than (thăn, thən)
1. Used after a comparative adjective or adverb to introduce the second element or clause of an unequal comparison: She is a better athlete than I.
2. Used to introduce the second element after certain words indicating difference: He draws quite differently than she does.
3. When. Used especially after hardly and scarcely: I had scarcely walked in the door than the commotion started.
In comparison or contrast with: could run faster than him; outclassed everyone other than her.
[Middle English, from Old English thanne, than; see to- in the Appendix of Indo-European roots.]
Usage Note: Since the 1700s, grammarians have insisted that than should be regarded as a conjunction in all its uses, so that a sentence such as Bill is taller than Tom should be construed as an elliptical version of the sentence Bill is taller than Tom is. According to this view, the case of a pronoun following than is determined by whether the pronoun serves as the subject or object of the verb that is "understood." Thus, the standard rule requires Pat is taller than I (not me) on the assumption that this sentence is elliptical for Pat is taller than I am. But the rule allows The news surprised Pat more than me, because this sentence is taken as elliptical for The news surprised Pat more than it surprised me. But this analysis is somewhat contrived. Than is quite commonly treated as a preposition when followed by an isolated noun phrase, and it often occurs with a pronoun in the objective case: John is taller than me. In such sentences using the nominative case (than I) can sound unnatural and even pretentious, and objecting to the objective case of the pronoun may sound pedantic. · In comparisons using than and as, the second element should be phrased to parallel the first, and faulty parallelism can arise especially when prepositional phrases are involved. In the sentence They felt that the condition of the new buildings was not much better than the old ones, the condition of the new buildings is compared with the old buildings themselves, not with their condition. The pronoun that must be added to balance the noun condition. The noun can be repeated instead, but in either case the prepositional phrase with of must follow: They felt that the condition of the new buildings was not much better than that (or than the condition) of the old ones. Similar parallelism should follow as: I want the photos in our brochure to look as impressive as those in their brochure (not I want the photos in our brochure to look as impressive as their brochure). · Than and as comparisons pose additional problems when the noun following than or as is the subject or object of an implied clause. Does the sentence The employees are more suspicious of the arbitrator than the owner mean that the employees distrust the arbitrator more than they distrust the owner or that the employees distrust the arbitrator more than the owner does? To clarify this, a verb must be added to the second element of the comparison: The employees are more suspicious of the arbitrator than they are of the owner or The employees are more suspicious of the arbitrator than the owner is. See Usage Note at as1.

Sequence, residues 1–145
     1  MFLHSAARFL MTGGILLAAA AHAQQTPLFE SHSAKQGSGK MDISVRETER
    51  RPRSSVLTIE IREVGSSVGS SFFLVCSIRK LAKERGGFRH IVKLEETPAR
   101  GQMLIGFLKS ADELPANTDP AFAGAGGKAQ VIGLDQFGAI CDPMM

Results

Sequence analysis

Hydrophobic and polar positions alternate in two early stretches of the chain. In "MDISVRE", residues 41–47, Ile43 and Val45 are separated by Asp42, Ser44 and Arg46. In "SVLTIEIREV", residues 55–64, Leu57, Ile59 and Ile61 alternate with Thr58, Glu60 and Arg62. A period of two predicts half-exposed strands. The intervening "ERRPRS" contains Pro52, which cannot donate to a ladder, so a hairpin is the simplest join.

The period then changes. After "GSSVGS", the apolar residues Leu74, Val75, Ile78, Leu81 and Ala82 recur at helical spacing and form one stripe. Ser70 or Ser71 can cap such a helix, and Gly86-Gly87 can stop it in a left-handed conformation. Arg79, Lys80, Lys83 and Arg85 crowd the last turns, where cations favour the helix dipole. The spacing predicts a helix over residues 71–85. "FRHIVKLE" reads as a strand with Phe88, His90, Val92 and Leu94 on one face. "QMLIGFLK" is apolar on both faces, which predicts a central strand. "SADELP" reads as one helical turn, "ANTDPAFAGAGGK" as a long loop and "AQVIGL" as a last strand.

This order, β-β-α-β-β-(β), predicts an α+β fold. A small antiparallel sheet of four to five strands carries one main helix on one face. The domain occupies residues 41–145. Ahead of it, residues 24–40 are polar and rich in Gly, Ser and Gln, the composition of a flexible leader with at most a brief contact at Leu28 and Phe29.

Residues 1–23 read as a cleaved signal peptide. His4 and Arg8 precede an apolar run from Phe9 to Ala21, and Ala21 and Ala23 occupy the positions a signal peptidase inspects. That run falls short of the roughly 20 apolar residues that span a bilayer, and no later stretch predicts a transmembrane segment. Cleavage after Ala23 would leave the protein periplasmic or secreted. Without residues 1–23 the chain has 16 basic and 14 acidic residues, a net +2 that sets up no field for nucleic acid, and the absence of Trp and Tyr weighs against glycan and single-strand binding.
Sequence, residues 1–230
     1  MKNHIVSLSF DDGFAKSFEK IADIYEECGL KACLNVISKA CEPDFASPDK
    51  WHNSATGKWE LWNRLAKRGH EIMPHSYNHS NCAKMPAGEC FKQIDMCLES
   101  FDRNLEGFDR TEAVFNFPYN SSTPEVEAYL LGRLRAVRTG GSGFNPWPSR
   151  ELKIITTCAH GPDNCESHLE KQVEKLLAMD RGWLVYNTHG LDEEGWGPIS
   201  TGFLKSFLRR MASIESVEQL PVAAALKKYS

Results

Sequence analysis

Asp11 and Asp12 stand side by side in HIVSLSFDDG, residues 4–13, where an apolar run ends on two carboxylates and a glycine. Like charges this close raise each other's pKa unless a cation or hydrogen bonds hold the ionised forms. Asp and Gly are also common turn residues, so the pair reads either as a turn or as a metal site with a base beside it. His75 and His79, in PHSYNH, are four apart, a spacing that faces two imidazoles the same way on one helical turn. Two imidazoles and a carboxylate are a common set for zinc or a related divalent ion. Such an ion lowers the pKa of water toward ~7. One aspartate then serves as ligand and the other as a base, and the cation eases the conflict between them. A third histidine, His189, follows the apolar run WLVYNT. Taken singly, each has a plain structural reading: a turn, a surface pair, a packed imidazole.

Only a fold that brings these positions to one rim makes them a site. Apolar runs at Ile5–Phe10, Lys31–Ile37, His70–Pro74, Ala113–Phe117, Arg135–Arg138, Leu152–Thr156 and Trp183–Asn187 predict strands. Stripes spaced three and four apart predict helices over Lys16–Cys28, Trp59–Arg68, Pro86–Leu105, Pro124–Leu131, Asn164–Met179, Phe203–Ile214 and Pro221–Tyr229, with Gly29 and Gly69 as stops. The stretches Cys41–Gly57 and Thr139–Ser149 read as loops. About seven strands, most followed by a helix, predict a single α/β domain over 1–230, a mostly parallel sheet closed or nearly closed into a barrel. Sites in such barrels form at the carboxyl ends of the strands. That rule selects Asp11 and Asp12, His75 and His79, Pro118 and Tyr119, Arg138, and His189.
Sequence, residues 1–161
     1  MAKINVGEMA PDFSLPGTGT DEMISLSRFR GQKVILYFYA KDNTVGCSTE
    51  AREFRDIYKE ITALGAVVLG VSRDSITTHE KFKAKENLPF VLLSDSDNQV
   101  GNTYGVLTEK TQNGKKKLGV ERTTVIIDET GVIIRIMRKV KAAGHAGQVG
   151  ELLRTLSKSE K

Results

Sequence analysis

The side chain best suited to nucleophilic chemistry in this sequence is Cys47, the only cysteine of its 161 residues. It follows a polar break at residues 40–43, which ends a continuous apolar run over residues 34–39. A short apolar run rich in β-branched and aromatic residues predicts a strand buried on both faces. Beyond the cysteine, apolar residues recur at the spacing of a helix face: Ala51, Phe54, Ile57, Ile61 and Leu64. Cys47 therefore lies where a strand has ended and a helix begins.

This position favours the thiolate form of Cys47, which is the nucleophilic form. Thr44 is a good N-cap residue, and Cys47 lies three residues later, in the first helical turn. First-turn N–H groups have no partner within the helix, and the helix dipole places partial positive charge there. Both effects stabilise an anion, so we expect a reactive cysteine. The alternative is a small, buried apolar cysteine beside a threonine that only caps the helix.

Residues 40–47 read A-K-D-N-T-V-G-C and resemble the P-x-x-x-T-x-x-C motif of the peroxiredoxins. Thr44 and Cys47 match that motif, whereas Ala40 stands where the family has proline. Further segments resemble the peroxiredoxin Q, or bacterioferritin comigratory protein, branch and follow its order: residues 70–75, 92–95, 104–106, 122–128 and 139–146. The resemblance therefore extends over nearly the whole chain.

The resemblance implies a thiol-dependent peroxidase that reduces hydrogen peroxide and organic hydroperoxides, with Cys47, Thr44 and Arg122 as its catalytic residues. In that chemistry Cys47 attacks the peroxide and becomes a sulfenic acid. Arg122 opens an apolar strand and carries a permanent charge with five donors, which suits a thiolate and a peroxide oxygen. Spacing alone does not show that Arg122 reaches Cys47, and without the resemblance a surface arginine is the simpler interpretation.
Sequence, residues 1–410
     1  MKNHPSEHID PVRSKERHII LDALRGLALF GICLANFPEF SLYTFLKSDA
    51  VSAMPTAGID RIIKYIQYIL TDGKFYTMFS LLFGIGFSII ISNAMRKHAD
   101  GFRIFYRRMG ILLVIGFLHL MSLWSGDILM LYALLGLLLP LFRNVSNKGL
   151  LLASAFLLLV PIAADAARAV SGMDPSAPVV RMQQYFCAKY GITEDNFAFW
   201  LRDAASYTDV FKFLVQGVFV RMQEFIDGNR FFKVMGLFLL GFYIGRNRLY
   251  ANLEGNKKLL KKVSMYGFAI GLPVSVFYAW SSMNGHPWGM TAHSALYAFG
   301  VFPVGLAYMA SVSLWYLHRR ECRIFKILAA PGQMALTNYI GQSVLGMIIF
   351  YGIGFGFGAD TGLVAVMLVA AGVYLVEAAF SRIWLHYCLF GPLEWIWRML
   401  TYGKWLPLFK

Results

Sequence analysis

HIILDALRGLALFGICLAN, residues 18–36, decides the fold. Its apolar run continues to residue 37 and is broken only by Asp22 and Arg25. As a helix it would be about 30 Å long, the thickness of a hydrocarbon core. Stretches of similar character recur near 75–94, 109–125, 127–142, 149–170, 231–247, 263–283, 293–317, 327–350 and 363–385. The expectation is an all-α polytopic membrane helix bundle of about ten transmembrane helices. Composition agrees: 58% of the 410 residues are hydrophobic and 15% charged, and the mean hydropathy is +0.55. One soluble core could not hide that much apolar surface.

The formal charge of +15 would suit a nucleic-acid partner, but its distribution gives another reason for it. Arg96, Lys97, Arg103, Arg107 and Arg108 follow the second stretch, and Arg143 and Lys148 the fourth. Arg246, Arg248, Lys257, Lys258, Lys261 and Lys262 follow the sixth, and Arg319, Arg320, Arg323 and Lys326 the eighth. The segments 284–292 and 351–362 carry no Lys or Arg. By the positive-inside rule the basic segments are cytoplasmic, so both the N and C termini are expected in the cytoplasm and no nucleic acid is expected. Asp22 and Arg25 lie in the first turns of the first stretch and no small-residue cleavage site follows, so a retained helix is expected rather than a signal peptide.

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Indo-European & Semitic Roots Appendices
Thousands of entries in the dictionary include etymologies that trace their origins back to reconstructed proto-languages. You can obtain more information about these forms in our online appendices:
The Indo-European appendix covers nearly half of the Indo-European roots that have left their mark on English words. A more complete treatment of Indo-European roots and the English words derived from them is available in our Dictionary of Indo-European Roots.